Absolutely not!  It is essential that public confidence be maintained which enhances the ability of the department to investigate and resolve any complaint against its members.  You will be provided a departmental liaison.  If at anytime you have any additional concerns, you should contact the liaison.

What will happen to the officer?
If the investigation shows misconduct, the officer will be disciplined according to the seriousness of the violation.  Disciplinary actions may range from a reprimand to suspension or in extreme cases, termination.  If the allegation is criminal in nature, the case will be referred for prosecution.  Other appropriate remedies may include policy change and retraining.

Who is responsible for investigating the complaint?
The Chief of Police will determine who will investigate the complaint.  The actual investigative work may be conducted by a police supervisor or an internal affairs investigator.  The department may also utilize other agencies to investigate criminal allegations against an officer.

How long will the investigation take?
The investigation of a formal complaint will be completed as soon as possible. However, much depends on the depth of the investigation and/or the availability of all involved individuals. 

Will I be notified of the results of the investigation?
Yes. Once the investigation has been concluded, you will be informed of the disposition of your complaint.  The notification will normally be in the form of a letter.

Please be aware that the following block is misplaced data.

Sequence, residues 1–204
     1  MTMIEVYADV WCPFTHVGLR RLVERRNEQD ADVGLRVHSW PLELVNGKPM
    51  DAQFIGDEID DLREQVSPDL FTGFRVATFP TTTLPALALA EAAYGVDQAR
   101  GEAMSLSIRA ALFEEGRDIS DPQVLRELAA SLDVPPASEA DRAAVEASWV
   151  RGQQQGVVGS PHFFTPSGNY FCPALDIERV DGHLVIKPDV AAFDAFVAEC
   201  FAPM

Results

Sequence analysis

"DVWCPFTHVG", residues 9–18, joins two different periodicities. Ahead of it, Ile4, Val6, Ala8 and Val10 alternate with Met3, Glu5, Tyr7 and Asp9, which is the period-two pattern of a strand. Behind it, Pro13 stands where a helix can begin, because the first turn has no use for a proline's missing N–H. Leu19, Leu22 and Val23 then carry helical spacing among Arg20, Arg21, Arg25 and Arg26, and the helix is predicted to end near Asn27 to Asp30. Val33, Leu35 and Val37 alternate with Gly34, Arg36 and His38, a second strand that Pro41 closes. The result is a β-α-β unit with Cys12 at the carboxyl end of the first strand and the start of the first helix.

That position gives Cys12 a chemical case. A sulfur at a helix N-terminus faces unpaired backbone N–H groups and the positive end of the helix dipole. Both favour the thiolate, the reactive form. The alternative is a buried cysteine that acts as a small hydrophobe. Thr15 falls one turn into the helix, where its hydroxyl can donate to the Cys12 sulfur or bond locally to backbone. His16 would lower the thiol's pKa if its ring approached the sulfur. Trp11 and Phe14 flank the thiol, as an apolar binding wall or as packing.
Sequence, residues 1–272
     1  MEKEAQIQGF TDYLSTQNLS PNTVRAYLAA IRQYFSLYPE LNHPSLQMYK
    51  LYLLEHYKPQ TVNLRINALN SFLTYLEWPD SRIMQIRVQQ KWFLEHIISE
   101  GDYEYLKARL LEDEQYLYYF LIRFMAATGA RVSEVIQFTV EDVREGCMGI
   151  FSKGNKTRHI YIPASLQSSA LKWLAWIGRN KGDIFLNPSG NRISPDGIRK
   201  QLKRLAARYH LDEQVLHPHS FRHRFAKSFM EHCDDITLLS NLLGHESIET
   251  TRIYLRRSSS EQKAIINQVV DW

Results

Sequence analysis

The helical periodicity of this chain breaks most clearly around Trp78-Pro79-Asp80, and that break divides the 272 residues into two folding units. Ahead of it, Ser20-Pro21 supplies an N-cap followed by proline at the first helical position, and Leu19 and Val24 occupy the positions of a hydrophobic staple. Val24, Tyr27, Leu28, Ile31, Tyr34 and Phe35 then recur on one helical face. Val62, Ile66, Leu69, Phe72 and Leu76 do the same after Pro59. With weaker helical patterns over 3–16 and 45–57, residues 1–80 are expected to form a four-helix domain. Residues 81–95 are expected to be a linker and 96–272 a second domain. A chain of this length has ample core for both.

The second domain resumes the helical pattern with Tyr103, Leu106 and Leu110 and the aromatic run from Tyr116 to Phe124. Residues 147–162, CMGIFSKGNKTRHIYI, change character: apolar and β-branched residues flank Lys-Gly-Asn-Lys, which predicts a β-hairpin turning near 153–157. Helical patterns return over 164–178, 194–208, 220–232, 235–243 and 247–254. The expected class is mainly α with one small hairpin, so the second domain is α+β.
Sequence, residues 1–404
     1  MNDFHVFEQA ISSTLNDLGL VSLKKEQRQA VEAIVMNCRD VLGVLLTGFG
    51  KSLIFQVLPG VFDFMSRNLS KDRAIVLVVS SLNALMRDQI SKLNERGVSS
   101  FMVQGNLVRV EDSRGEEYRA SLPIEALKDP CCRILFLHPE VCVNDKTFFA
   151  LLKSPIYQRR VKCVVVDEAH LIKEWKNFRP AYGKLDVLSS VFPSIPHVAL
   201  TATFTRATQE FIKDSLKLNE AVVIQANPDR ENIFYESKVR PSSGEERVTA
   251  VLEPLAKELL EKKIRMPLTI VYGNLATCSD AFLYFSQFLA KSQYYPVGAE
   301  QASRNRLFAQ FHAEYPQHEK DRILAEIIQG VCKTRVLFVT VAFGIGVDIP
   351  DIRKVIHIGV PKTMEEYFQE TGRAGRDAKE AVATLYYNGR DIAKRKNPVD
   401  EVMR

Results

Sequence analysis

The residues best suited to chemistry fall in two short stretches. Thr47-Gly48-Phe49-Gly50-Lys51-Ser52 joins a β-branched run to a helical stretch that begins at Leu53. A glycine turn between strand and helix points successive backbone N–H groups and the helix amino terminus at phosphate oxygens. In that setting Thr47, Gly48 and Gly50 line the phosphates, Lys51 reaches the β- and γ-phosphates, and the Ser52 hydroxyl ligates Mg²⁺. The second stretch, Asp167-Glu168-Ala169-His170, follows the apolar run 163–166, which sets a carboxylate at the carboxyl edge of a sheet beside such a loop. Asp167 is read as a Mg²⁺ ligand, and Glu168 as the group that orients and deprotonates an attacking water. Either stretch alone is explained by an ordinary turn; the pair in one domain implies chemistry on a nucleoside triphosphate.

What if I’m not satisfied with the results of the department’s investigation?
You may request a meeting with the Chief of Police or file charges with the Police and Fire Commission.

Must I file my complaint directly with the Kenosha Police Department?
You have an alternative. Wisconsin statutes provide you with an alternative to file your complaint directly with the Board of Police and Fire Commissioners.

Formal charges can be filed if you believe that you are an aggrieved person. Formal charges must be in writing and must be sufficiently detailed so that all parties understand the conduct involved and contain the specific rules, regulations or standards of conduct you believed the police officer has violated. The formal charges shall be filed with the Chairperson of the Board of Police and Fire Commissioners. The rules for any subsequent investigation and resolution of those charges are set by the board. 

If you have any questions or would like further information or assistance in filing a complaint, please contact the on-duty shift supervisor at:    (262) 605-5210.

If you send a letter, send it to the attention of:

Office of the Chief of Police
Att: Internal Affairs Unit
Kenosha Police Department
Kenosha , Wisconsin  53140

 False Accusations:

Wisconsin State Statute 946.66 states, “Whoever knowingly makes a false complaint regarding the conduct of a Law Enforcement Officer is subject to Class “A” forfeiture (Arrest). This statute has been adopted by the City of Kenosha , Code of General Ordinance, Section 11.02(Q).

It is important to note that making a statement which you know to be untrue may subject you to criminal charges and/or a civil lawsuit.